He has lots of ideas, some of which will require congressional approval while others won’t. That doesn't matter — he’ll do whatever is necessary:
I will not allow gridlock, or inaction, or willful indifference to get in our way. (Applause.) That means whatever executive authority I have to help the middle class, I’ll use it. (Applause.)
He wants to start indoctrinating the kids starting at age four. This will take them out of the house and give their parents more time to work:
If we don’t make this investment [more federal aid to education, student loans, etc.], we’re going to put our kids, our workers, and our country at a competitive disadvantage for decades. So we have to begin in the earliest years. And that’s why I’m going to keep pushing to make high-quality preschool available for every 4-year-old in America. (Applause.) Not just because we know it works for our kids, but because it provides a vital support system for working parents.
He has a new idea: another federal program to help students make the leap from community college to a career in a single bound:
I’ve asked Congress to start a Community College to Career initiative, so that workers can earn the skills that high-tech jobs demand without leaving their hometown. (Applause.)
He wants to reinflate the housing bubble:
I’ve asked Congress to pass a really good, bipartisan idea — one that was championed, by the way, by Mitt Romney’s economic advisor — and this is the idea to give every homeowner the chance to refinance their mortgage while rates are still low so they can save thousands of dollars a year. (Applause.) It will be like a tax cut for families who can refinance.
I’m also acting on my own to cut red tape for responsible families who want to get a mortgage but the bank is saying no. We’ll work with both parties to turn the page on Fannie Mae and Freddie Mac, and build a housing finance system that’s rock-solid for future generations.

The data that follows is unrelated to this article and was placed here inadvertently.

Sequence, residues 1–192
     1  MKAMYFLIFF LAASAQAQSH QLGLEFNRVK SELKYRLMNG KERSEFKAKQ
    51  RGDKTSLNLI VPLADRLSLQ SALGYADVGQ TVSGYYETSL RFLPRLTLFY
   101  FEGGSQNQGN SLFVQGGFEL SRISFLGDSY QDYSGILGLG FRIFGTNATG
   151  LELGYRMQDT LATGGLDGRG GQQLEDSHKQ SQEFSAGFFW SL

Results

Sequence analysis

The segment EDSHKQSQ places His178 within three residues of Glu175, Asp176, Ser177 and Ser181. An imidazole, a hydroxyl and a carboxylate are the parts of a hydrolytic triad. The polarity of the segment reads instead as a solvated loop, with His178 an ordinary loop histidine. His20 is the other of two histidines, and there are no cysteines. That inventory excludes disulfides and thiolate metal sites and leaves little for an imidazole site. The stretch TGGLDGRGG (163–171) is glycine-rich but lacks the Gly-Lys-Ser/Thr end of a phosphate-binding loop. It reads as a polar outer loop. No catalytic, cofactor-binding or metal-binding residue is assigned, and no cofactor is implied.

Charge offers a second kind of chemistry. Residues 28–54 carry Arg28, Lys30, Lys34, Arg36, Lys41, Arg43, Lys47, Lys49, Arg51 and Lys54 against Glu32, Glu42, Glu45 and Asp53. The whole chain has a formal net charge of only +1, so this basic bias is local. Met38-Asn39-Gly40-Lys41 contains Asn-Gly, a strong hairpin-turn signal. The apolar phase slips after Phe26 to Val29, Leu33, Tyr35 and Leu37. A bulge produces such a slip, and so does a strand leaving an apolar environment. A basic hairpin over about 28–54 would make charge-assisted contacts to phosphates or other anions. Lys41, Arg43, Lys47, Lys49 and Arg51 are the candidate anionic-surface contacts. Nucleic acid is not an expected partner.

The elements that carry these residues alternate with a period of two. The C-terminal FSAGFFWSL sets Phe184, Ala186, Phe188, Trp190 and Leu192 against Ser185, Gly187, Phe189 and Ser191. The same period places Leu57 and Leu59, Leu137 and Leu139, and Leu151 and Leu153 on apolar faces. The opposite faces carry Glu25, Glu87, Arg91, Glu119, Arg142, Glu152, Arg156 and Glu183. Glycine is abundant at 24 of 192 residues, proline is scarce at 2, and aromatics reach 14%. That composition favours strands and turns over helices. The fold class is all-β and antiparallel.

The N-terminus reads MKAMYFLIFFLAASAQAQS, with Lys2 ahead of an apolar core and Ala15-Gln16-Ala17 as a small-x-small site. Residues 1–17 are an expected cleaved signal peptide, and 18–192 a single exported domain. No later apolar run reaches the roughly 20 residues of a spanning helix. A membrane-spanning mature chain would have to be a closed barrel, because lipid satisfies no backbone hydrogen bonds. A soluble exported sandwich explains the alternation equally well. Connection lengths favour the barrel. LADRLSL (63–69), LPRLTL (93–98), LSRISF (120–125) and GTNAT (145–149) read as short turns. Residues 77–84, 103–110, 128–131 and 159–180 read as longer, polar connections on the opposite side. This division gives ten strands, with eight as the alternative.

He attacked the free market system that the federal government has so successfully restricted, regulated, and hamstrung that it has taken more than five years just to begin to revive after the start of the Great Recession:
Now, there are others who will dismiss every idea I put forward either because they’re playing to their most strident supporters, or in some cases because, sincerely, they have a fundamentally different vision for America — one that says inequality is both inevitable and just; one that says an unfettered free market without any restraints inevitably produces the best outcomes, regardless of the pain and uncertainty imposed on ordinary families; and government is the problem and we should just shrink it as small as we can….
Repealing Obamacare and cutting spending is not an economic plan. It’s not.
The country isn't listening to the president. The headline from Business Insider said it all: “Obama’s Approval Rating is Falling All Over the Place.” It reports that in the McClatchy-Marist poll, “Obama’s approval rating sunk to its lowest point since September, 2011.” Scott Rasmussen’s poll showed similar numbers. Said Rasmussen: “Twenty-six percent (26%) of likely U.S. voters now say the country is heading in the right direction.… That’s the lowest level of confidence in the country’s direction since mid-January 2012.”
According to internal White House polls, it was time to take the show on the road. As Paul Equale, a Democrat Party consultant, put it:
Obama’s willingness to go after the GOP on "phony scandals" indicates that, despite poor "right-track/wrong-track" numbers, White House internal polling shows a huge opening against Republicans on their tactics and rhetoric.
With the help of an obedient media, Obama’s summer political rally will likely draw attention away from the scandals plaguing his administration and give him time to prepare for the battle when Congress opens for business again in the fall.
Photo of President Barack Obama speaking at Knox College: AP Images